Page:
Despite what many people like to characterize as a long-term lease, cell tower leases are typically structured as a 5-10 year initial lease term with multiple additional 5-year option terms, or 30-50 years in total. What this really means is that carriers may lease the area defined in the original lease terms for up to the total of the initial period and all option periods, but are not required to do so. This also means that a cell tower lease is merely a number of 5-year options which may last the for 30-50 years in total, if all options are exercised by the lease tenant, and which is not the same — by definition — as a long-term lease. The lease tenants hold the options and may choose not to exercise additional option terms as a current option term expires.
In addition, most cell tower leases contain what is commonly referred to as an “Early Termination Provision” which allows for tenant termination of the lease — at any time and for just about any reason (or no reason at all) — with as little as a 30-day notice to the landlord (although most Early Termination Provisions require the lease tenant to provide between a 60 and 180-day notice to the landlord). So, while many property owners may believe they have a cell tower lease with a 30-50 year duration, that is usually not the case.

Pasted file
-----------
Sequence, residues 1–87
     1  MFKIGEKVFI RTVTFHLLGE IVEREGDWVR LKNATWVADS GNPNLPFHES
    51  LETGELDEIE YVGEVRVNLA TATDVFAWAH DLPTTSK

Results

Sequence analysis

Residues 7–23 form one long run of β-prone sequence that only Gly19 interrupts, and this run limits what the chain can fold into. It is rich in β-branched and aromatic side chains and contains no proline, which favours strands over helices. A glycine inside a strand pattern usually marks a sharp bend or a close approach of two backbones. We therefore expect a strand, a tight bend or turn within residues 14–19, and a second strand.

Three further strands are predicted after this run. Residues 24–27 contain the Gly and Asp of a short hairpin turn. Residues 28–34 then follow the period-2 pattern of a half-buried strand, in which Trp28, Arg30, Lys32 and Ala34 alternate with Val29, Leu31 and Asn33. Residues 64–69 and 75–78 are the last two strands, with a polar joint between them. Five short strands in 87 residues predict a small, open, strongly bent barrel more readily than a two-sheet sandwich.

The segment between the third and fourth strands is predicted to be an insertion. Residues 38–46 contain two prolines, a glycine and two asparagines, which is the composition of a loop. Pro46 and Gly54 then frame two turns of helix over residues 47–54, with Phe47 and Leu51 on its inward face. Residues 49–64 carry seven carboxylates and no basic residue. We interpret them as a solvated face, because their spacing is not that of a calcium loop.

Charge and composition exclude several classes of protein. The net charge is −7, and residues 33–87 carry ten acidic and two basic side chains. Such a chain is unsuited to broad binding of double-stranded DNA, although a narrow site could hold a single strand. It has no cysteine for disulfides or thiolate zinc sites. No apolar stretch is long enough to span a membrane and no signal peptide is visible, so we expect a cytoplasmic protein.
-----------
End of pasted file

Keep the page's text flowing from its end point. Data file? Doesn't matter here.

What the above two paragraphs mean in total is that cell tower leases are not usually a long-term commitment by lease tenants, nor should they be regarded as such. In contrast, lease tenants usually have the right to remain for what could be a very long period of time, while at the same time, having the option to cancel the lease with little notice and no penalty. I like to term cell tower leases as a series of unexercised Early Termination Provisions that may last 30 years or more.
The above should always be a consideration when a landlord is considering whether or not to sell the lease cashflows in exchange for a lump-sum cash payment. And let’s not forget, because of the issues covered here, many lenders will not consider the value of a cell tower lease when appraising a property, but will gladly use the lease as “additional collateral” and most often with no value assigned to it, which means that property owners should become familiar with structuring property financing subject to (otherwise known as “not including”) the lease to maintain maximum financing and property sales alternatives.